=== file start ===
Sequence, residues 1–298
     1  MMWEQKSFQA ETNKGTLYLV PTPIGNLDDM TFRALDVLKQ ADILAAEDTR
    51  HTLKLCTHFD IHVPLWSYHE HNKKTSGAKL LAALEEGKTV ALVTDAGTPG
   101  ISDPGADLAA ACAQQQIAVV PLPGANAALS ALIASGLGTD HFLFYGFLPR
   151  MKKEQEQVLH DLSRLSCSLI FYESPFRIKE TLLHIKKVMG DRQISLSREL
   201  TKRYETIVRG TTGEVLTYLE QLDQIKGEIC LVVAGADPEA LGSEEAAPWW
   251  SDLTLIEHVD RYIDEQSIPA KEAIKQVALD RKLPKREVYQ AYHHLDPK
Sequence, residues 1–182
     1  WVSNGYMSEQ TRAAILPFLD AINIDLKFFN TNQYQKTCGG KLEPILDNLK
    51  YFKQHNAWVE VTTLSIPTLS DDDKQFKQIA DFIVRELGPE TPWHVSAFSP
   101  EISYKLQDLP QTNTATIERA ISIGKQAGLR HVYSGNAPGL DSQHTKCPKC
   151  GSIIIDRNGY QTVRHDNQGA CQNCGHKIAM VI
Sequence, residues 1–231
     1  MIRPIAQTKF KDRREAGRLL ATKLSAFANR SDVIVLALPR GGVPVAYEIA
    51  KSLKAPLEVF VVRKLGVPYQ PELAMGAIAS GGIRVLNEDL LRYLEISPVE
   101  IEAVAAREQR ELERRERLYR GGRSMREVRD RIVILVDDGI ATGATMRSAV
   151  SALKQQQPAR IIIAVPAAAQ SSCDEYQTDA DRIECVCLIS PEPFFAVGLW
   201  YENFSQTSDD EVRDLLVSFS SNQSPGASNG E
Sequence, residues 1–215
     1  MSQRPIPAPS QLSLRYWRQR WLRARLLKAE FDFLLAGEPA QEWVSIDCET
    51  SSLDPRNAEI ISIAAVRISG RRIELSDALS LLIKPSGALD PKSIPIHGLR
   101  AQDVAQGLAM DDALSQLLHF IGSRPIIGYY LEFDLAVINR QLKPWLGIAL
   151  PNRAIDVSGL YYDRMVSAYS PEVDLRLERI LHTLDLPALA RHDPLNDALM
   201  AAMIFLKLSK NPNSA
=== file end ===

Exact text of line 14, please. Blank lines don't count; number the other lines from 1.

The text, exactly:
     1  MIRPIAQTKF KDRREAGRLL ATKLSAFANR SDVIVLALPR GGVPVAYEIA